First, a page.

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Lag Time and How to Calculate Theoretical Lag Time

Lag time is traveling time interval required for pumping cuttings from each particular depth to surface. It can be expressed in terms of time (minutes) and pump strokes.

The lag time always changes when a well becomes deeper and/or pumping speed change. Two factors, affecting lag time calculation, are annulus volume of drilling fluid in and drilling mud flow rate.

With certain annular volume, the lag time, normally expressed in minutes, can be determined by dividing the annular volume (bbls) by the flow rate (bbl/min).

If there are changes in mud flow rate, the lag time figure will be changed as well. In order compensate for any changes, the lag time is transformed into pump strokes too; therefore, a change in speed of pump will not affect the lag time.

How to Calculate Theoretical Lag Time

There are 3 steps to do in order to calculate lag time as listed below;

1. Calculate pump output
Calculate annular volume at certain depth of hole
3. Calculate the theoretical lag time

Example – Determine lag time from bottom to surface with the following information;

Bit depth = 9500’ MD

Pump rate = 300 GPM

Annular volume at 9500’ MD = 250 bbl

Pump details: Triplex pump, 97% efficiency, liner size 6” and stroke length 12”


Triplex Pump Output Formula is listed below;

Triplex Pump Output in bbl/stk = efficiency x 0.000243 x (liner diameter in inch) 2 X (stroke length in inch)

Triplex Pump Output in bbl/stk = 0.97x 0.000243 x (6) 2 X (12)

Triplex pump output = 0.102 bbl/stroke

Pump rate = 300 GPM ÷ 42 = 7.14 bbl / minute

Lag time in minutes = 250 bbl ÷ 7.14 bbl / minute = 35 minutes
Lag time in strokes = 250 bbl ÷ 0.102 bbl/stroke = 2451 strokes

Views: 11736

Tags: drilling, lag, time

Comment by RICKEY PAUL BAILEY on April 6, 2010 at 3:50pm

Comment by mohamed radwan on April 13, 2010 at 2:48pm
Good information, thanks..
Comment by Rachain Jetjongjit on April 13, 2010 at 9:54pm
RICKEY PAUL BAILEY, thanks very much for your contribution. I agree with you that I should add the assumption about wash out and gas migration into calculation as well.
Comment by Nick Humphreys on April 16, 2010 at 2:21am
And cased hole, when you do intermediate casing programs.
Comment by scott bienvenu on May 24, 2010 at 3:49am
i have a question...How do u determine washout percentage? Do u take ur hole volume in barrels and divide that into your washout barrels to get your washout percent? or do u add ur washout barrels to your open hole volume and then divide the volume into your barrels of washout to get your percent of washout? or is it neither one. as of right now we are getting like a 1/3 of the open hole volume in washout. Im assuming that would then be 30% washout? I would really appreciate any insight into the answer to my prob. THks :)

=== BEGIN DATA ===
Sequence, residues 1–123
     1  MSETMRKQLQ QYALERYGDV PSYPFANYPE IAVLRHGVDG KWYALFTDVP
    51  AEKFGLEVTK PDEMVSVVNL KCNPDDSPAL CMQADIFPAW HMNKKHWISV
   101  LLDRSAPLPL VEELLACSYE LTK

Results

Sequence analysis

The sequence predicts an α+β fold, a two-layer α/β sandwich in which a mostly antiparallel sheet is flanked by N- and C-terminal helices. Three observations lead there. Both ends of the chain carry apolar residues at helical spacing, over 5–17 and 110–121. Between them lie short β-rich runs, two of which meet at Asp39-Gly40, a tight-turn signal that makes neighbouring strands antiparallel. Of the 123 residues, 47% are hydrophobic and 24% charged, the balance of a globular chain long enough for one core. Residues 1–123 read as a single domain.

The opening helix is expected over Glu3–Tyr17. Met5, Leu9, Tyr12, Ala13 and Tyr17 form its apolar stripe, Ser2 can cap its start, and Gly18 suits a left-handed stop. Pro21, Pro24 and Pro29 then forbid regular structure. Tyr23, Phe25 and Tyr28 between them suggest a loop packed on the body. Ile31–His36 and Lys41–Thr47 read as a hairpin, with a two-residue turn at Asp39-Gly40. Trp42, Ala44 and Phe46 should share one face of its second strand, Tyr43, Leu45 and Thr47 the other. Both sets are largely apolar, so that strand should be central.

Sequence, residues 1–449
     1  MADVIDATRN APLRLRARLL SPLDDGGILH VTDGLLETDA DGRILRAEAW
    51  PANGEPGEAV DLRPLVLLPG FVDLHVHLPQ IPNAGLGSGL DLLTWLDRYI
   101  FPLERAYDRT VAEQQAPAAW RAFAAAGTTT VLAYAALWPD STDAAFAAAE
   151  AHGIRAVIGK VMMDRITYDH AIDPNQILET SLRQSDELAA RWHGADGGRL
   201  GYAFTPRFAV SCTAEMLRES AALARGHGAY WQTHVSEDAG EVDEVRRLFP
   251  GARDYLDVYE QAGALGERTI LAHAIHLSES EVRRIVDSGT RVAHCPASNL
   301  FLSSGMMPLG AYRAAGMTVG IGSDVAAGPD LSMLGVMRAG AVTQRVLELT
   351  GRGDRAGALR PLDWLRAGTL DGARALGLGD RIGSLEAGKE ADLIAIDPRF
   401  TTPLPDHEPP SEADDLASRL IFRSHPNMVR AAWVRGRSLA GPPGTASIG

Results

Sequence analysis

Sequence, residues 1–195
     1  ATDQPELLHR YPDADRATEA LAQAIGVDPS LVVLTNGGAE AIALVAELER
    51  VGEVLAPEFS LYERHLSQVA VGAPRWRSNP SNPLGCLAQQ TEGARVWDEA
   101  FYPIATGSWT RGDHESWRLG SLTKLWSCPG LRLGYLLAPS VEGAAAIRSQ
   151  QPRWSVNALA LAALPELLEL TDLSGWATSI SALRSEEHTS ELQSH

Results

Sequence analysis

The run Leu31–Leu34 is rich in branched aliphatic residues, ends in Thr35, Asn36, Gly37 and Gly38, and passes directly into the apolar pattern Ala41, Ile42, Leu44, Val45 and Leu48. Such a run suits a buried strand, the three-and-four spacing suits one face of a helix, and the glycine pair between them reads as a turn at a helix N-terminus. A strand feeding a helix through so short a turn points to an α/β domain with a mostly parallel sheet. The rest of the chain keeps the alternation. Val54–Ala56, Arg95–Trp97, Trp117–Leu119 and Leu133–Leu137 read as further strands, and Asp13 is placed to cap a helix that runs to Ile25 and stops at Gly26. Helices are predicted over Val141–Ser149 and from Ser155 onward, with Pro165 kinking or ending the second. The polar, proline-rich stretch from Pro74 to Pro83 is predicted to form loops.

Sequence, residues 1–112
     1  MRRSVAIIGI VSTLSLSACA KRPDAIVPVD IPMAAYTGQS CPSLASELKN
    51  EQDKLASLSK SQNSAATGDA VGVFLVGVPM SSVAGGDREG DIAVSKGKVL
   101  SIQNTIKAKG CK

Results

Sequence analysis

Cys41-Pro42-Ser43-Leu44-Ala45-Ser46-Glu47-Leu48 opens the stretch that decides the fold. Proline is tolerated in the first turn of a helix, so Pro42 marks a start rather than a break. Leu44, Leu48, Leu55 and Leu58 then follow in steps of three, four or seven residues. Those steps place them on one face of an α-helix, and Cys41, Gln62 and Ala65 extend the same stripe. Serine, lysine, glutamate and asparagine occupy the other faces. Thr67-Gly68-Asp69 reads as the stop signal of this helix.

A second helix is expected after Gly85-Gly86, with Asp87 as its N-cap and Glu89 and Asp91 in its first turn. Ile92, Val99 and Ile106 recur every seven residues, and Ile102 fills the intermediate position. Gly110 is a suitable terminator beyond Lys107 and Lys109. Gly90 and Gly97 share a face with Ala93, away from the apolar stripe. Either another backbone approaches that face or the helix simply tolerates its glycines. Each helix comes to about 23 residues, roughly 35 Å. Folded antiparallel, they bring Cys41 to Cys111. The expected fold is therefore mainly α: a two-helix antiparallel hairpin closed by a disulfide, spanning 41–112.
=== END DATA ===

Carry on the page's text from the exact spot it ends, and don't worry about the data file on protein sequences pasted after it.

Comment by scott bienvenu on May 24, 2010 at 3:53am
this is open hole washout by the way. i forgot to mention it
Comment by Rachain Jetjongjit on May 24, 2010 at 10:34am
Practically, you can pump sweep or carbine so you will get the actual lag time. When you compare both theoretical value and actual value you will know how much % wash out and you can use it for future reference.
Comment by scott bienvenu on May 25, 2010 at 12:03am
Thnks Rachain but well i guess my question i was too vague with it..ok here. the lag at lets say 8000ft is 6000 strokes...the lag from that depth came up at 6500 stks. 500 stks late and pump outputs is .0997 so thats 49.85 bbls of washout. Now here is my question, how do u calculate that into percent washout%?? Thats really what i want to know... My hole volume is 800 bbls and my annular vol is 600 bbls. So how do i calculate washout%? i know how to do everything with washout except convert it to %. Do u take ur 800bbls and divide that into your 49.85 bbls of washout? Do you add your washout bbls to ur 800bbls and then divide that into your 49.85bbls or do u divide ur annular volume into ur washout bbls to get your washout %...ive looked everywhere on the internet and NO ONE seems to know how to figure that out...or can give me the answer to that question...
Comment by Anita J. Battreall on March 18, 2011 at 3:09am
I was taught to figure WO in the example below. You would take the strokes and divide for example: 6500stks/6000stks= 1.08. 1 representing true lag and .08= 8%. Would really like to know how accurate this formula is?
Comment by RICKEY PAUL BAILEY on March 18, 2011 at 5:14am
Good question, easy answer. Remember that your washout factor is only relevant in Open Hole. In your example, if 6500 was actual, and 6000 was calculated: 6,000/6,500= .923 (9%). To be accurate, suubtract strokes at the shoe from total lag strokes, then divide calculated strokes by actual strokes=w.o. in ope
n hole. Bueno?


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